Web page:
The Jewish reggae rapper returns
Matisyahu looks different today than he did when fans were first introduced to him. The singer broke through in 2005 with the live version of his uplifting, beatboxing, reggae-infused song “King Without A Crown” (from the album “Live at Stubb’s”) and instantly stood out. Of Jewish faith, the singer had a beard, wore a kippah and dressed in the style of Orthodox Judaism.
In December 2011, he caused quite a stir online when he tweeted a photo of himself clean shaven. Since then, he has also ditched the Chassidic clothes and now dons regular street wear, but his faith hasn’t changed.
“For Judaism, it’s beyond practicing; it’s just a part of who I am,” he says. “I do practice in certain ways, but it goes much deeper than just the practice of it.”
Flash forward to 2018, and Matisyahu is on his sixth studio album, “Undercurrent” — released in May 2017. He still finds himself creating music in the same style and genres he’s known for, but in this era of his career, he finds himself more focused on his band than on his solo singing efforts.
“I felt, OK, first I have to have the right ingredients and the right people, and then fuck with the process. Then we have to create the right vision and the right music together, and once we can do that live and in an improvisational setting, we can create songs out of that, and that’s the “Undercurrent” record, and then we take that on tour and develop it more. It becomes much more about the band and about the unit as opposed to the individual,” he says. “In the live situation, I don’t really want it to be just me as a focal point. I see myself more as a captain on a ship or something like that, or part of a crew, and our mission is definitely equally shared between the five members that are on stage.”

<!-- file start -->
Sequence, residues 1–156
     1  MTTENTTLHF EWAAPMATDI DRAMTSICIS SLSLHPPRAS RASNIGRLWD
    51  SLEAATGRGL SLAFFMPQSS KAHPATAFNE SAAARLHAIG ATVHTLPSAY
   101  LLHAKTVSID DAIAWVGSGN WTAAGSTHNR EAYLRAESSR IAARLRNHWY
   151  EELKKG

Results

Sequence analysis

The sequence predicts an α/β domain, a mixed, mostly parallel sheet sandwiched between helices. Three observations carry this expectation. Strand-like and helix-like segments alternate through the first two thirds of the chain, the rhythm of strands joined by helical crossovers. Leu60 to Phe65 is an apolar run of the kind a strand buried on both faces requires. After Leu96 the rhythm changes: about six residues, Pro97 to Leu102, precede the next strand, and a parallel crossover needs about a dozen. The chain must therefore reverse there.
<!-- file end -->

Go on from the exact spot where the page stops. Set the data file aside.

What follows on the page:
As a result, he feels his shows are “absolutely” more free flowing than they have been in the past. In fact, he doesn’t even write set lists for his shows.
“I’m getting to a point now where I want to start writing set lists, but, for the last two or three years, I’ve pretty much stayed away from that and any kind of set list. So we start the show with one song that we talk about literally seconds before we go on stage, and then the show flows the way it flows. That’s a huge part of what we do now,” he says.
Matisyahu has played Des Moines a number of times and speaks highly of the city. He’s even a veteran of 80/35, having played the second year of the festival in 2009.
“Des Moines is one of those towns we’ve been coming through for a bit. It was kind of one of those cities when I started touring for awhile that I realized in the Midwest — that it’s not just New York and L.A., but that there’s really incredible cities in-between in the middle of the country, and Des Moines is one of those first cities that I really recognized that,” he says.
Last time he was in town was in July 2017 for a show at Wooly’s. He remembers meeting Dan Koenig from Ichi Bike and trying out one of his two-wheeled products.
“He has this crazy bike he let me use, those ones with the motors,” he says. “We did a really nice bike ride last time; it was cool.”
His former tour manager also lives in the metro, and they meet up whenever he comes through.
His latest Des Moines appearance will take place at Wooly’s on Wednesday, Feb. 28. Those thinking it will be a robotic, straight up and down version of his studio material will be sorely mistaken. No set lists, a self-described lover of improvisational music and a noted Phish fan, means he and his band’s performances take on a life of their own.
“I came out as a live performance act with ‘Live at Stubb’s,’ and that’s been my bread and butter and where I’ve put most of my focus for the last 15 years,” he says. ♦